I do not know how practical it would be for you but have you thought about doing prep work for a Sunday on a Th? If you have fridge or freezer space it might work for some of those stews & marinades and would save you all the prep time on your own (I do not know how fair it would be to your assistants to do prep work on TH for a Sun). If you plan on some thing relatively simple for a Th dinner it would free time for getting things ready. Just a thought.....

And I can sympathize w/ you on a couple of things. There will never be enough mashed potatoes. No matter how well you plan there will be a monkey wrench thrown in to the mix at the last minute.

in loving memory of Mr. Squirt (1998-2004)--

the best cat ever.

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I do not know how practical it would be for you but have you thought about doing prep work for a Sunday on a Th?  If you have fridge or freezer space it might work for some of those stews & marinades and would save you all the prep time on your own (I do not know how fair it would be to your assistants to do prep work on TH for a Sun).  If you plan on some thing relatively simple for a Th dinner it would free time for getting things ready.  Just a thought..... 

I have occasionally done some advance work. But I only get work credit for four hours, so I try to limit the amount of time I spend to somewhere in the that ballpark... And I usually only cook two Thursdays in a month. That Thursday/Sunday back to back was unusual, and caused by my trading off shifts with someone.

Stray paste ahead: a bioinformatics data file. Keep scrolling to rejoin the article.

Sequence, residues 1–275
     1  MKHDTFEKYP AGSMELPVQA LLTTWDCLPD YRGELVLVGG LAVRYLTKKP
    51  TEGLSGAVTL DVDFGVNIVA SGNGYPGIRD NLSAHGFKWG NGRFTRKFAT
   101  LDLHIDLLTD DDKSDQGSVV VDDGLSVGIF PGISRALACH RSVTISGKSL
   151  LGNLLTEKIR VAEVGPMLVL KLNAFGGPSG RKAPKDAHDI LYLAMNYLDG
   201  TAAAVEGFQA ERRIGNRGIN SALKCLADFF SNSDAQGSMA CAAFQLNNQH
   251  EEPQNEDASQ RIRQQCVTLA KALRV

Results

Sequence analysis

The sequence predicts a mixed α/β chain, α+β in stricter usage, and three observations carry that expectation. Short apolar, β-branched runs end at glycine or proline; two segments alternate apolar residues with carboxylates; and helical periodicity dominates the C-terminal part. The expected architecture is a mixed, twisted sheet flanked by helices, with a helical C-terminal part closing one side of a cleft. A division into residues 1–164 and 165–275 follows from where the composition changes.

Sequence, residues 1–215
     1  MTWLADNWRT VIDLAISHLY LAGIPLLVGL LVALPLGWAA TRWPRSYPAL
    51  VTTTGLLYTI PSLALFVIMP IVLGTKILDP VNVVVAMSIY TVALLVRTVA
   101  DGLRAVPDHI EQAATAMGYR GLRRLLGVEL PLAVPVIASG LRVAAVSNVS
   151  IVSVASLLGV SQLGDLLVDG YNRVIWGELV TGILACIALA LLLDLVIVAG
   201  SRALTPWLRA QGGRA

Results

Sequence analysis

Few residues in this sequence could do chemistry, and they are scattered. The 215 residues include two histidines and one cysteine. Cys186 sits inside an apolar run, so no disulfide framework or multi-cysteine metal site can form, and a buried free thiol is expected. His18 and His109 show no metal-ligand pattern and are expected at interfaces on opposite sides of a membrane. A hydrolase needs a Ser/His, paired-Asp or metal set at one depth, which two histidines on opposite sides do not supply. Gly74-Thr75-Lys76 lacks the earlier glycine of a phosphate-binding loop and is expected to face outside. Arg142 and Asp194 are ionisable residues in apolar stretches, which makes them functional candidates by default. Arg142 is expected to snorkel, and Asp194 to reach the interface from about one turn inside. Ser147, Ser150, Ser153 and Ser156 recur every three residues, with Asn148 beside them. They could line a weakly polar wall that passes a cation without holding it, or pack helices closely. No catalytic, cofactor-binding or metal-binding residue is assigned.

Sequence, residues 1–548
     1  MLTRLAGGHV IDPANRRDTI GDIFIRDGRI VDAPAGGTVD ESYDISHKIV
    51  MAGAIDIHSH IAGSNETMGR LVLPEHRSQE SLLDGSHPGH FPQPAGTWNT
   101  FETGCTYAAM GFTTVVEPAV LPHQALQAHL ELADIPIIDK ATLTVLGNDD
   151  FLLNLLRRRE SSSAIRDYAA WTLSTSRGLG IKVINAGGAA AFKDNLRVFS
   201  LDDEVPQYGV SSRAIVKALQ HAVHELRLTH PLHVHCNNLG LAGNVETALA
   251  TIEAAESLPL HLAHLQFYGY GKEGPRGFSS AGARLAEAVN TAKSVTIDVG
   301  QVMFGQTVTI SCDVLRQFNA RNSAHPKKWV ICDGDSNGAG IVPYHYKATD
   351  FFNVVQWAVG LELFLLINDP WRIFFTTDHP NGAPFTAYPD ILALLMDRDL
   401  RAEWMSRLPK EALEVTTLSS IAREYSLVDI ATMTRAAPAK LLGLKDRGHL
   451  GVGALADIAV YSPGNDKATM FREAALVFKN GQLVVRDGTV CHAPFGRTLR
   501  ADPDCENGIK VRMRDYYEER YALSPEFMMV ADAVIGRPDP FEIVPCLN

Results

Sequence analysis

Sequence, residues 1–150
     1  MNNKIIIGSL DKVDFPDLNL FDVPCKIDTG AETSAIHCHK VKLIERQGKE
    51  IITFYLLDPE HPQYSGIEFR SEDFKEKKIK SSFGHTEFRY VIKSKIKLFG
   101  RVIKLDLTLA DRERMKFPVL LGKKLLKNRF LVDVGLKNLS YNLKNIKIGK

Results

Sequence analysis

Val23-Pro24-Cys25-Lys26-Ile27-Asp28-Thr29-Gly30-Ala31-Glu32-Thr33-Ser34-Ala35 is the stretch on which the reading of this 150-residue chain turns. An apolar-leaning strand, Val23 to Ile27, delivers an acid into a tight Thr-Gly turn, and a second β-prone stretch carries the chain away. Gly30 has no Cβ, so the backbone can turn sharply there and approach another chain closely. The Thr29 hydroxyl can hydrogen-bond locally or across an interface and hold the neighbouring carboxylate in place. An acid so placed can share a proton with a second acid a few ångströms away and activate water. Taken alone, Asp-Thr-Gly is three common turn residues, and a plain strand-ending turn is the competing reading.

Managing cooking space is definitely one of the big challenges of this kind of cooking - sounds like you've got it even tougher than I do!

Tammy's Tastings

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eGullet Foodblogs #1 and #2
Dinner for 40

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Doh! I totally forgot about my promise to try to take pictures. Which is really too bad, because tonight's dinner was particularly colorful.

I had 28 meat eaters, 3 vegetarians and 15 kids signed up for dinner. The total cost was $143.93, which worked out to $4.96 per adult (including the pantry fee).

The menu was baked tilapia with two fruit salsas - peach-tomato and blueberry-corn, boiled potatoes with parsley and olive oil, salad, and Texas Sheet Cake for dessert.

My neighbor works for Zingerman's, and there's been a Zingerman's partners meeting at the common house that morning, so I was the lucky recipient of a couple of their lunch leftovers. One was a big bowl of cucumber salad with feta and mint. The other was a half bowl of peaches with chiles. Instead of buying peaches for the salsa, as I had planned, we just chopped up the peaches from this instead, and mixed them with tomatoes, green onions and lime juice. It turned out okay, but didn't have the bright fresh flavor I had been thinking of. But on the other hand, I didn't have to pay for peaches!

The blueberry-corn recipe is one I got right here on eGullet and it was the surprise hit of the night. It's very simple - just corn cut off the cob and quickly cooked, blueberries, chiffonaded basil, and a vinaigrette of olive oil, champagne vinegar, salt and pepper. Crunchy and fresh - definitely more than the sum of its parts.

I got 12 lbs of tilapia, because I had to order a couple days in advance, and I expected more people to sign up. So there was definitely enough for everyone, and some leftover. I baked it in the oven, and that worked out great - much less work than standing over the stove pan frying like I do for the pecan-crusted tilapia! In fact, I expected that with two big sheet pans of fish in the oven, it would take extra time, but in fact, it was all cooked in about 15 minutes! So I actually rang the bell for dinner early, because when fish is done, it's done! I'll know for next time, if I do it again. The fish itself is quite mild (which is good for the kids), but the salsas made it much more interesting.